Rio Tinto is primed to tighten its belt another notch this year with a global salary freeze on all employees, reduced travel expenditure across the board, and further scrutiny of contractor and consultancy spending.
An internal email written by chief executive Sam Walsh [recently obtained by Australian Mining] revealed Rio Tinto’s increased focus on cost saving measures, spelling out there would be no annual pay increases for anyone from the CEO down.
“Late last year we saw market prices continue to rapidly fall. What we see ahead is very sobering,” Walsh declared.
The CEO said he anticipated 2016 would be an even tougher year than the last, with prices for commodities “now around 2005 levels or lower”, and some “down as much as 80 per cent from their highs and nearing long-term historic averages”.
“This situation is not temporary and our industry is moving into the new normal which means we must continue to be one step ahead,” Walsh said.
“The pressure this is placing on our industry is significant and it is a tough time across the sector. It is important we recognise that the pressure isn’t going to let up.
Walsh attributed the new pressures to sluggish global economic growth in the wake of the economic crises of 2009, but also because of slow growth in China and its transition from “metals-intensive sectors – like infrastructure and construction – to consumer spending.
“This decision was a very difficult one,” Walsh said of the pay freeze.
“I’m sure you are disappointed by it, as am I, but it is necessary given the market context.
“It doesn’t reflect the hard work or effort put in by everyone.”
The email stated that Short-Term and Long-Term Incentive Plans (STIP, LTIP) from 2015 and the myShare Global Employee Share Plan would be unaffected.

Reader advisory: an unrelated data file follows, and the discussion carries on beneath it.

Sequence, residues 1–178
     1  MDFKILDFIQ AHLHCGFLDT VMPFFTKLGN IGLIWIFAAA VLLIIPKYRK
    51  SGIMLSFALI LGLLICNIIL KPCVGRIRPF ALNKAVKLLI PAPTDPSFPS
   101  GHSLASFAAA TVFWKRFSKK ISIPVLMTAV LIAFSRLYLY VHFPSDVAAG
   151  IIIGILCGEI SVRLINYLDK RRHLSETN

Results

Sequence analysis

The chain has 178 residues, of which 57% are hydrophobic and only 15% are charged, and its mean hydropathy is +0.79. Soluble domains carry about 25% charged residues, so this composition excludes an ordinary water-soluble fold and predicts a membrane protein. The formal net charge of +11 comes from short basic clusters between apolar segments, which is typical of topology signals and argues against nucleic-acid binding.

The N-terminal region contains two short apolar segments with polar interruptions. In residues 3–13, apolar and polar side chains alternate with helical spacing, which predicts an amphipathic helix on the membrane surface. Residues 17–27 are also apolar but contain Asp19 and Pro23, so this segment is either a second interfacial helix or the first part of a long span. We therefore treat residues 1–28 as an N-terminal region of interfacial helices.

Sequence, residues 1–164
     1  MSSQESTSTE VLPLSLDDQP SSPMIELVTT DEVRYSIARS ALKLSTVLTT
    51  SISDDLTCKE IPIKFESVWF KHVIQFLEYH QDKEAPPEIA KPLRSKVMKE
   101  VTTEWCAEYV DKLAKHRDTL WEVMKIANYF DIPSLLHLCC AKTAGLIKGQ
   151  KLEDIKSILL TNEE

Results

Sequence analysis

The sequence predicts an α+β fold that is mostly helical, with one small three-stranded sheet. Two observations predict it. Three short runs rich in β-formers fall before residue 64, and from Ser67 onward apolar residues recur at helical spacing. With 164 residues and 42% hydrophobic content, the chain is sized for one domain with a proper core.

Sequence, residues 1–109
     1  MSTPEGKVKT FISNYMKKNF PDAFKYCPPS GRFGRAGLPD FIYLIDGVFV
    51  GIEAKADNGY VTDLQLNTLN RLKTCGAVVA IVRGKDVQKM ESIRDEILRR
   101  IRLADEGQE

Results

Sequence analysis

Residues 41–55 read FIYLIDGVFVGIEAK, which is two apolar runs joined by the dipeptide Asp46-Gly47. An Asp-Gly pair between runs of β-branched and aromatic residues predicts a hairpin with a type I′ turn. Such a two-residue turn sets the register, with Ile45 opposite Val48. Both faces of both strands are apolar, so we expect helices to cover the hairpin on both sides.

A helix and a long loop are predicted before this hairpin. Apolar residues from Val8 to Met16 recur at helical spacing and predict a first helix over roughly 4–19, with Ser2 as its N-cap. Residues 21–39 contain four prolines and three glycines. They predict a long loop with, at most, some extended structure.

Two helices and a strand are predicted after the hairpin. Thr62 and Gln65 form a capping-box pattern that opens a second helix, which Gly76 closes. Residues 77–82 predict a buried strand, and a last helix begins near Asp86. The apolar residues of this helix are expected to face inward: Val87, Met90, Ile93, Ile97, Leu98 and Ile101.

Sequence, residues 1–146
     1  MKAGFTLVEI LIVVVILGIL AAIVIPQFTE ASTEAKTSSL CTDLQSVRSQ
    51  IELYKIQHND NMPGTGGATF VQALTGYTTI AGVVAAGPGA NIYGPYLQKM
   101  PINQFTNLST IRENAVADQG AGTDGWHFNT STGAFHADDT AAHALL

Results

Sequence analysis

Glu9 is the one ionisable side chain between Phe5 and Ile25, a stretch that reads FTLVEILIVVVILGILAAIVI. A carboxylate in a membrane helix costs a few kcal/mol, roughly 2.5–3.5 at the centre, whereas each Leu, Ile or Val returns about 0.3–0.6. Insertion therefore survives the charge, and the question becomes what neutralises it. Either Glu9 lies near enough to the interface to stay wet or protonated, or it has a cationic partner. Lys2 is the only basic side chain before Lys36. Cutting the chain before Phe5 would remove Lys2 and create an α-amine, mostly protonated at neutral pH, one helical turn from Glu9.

Walsh pointed out that this was not the first downturn seen by the company, and that he expected Rio Tinto can “thrive when others falter”.
“In fact, this challenging market presents an opportunity to widen the gap between us and our competitors,” he said.
A spokesman for Rio Tinto was unable to provide further comment on the changes, except to confirm that STIP, LTIP and myShare would remain unaffected.
In addition to the pay freeze Walsh stipulated that travel commitments in 2016 needed to be limited, while encouraging staff to increase their use of remote communication technology.
“While our travel costs have come down, they are still too high and we need to make better use of the technology that enables us to interact with each other remotely,” he said.
“I have asked ExCo (Executive Council) members to reduce their travel commitments for 2016, and I have cancelled numerous trips from my own calendar. Everyone needs to do the same.”
Walsh said the company would be deploying tools for stricter, more disciplined expense management, and that there was a need to “further scrutinise consultancy and contractor spend”.
He also encouraged employees to come forward with any cost-saving ideas: “If you have good ideas to further conserve cash, please let me know.”
Safety will also be a key focus for Rio Tinto in 2016. In the wake of four employee deaths in 2015 the CEO set a new goal for a fatality-free year, with emphasis on embedding critical risk management in every operation.
“No one should die working for Rio Tinto. We will only eliminate fatalities if we focus on the essentials – what really matters to keep everyone safe,” he said.
“It has been an exceptional effort to reach this point, but we neeed extra vigilance from each and every person to avoid a fatality.”
Rio Tinto is already set to engage a round of pay cuts this year, with Workpac employees at the Hail Creek coal mine expected to suffer a reduction of their flat hourly rate starting 18 January.
According to internal documents received by Australian Mining, a recent commercial review by Rio Tinto outlined that cost cutting was required in order for the Hail Creek mine to remain viable.
A statement from the contractor said: “WorkPac must reduce its current costs to the client as an alternative to losing our commercial contract and/ or contributing to the eventual demise of the Mine itself."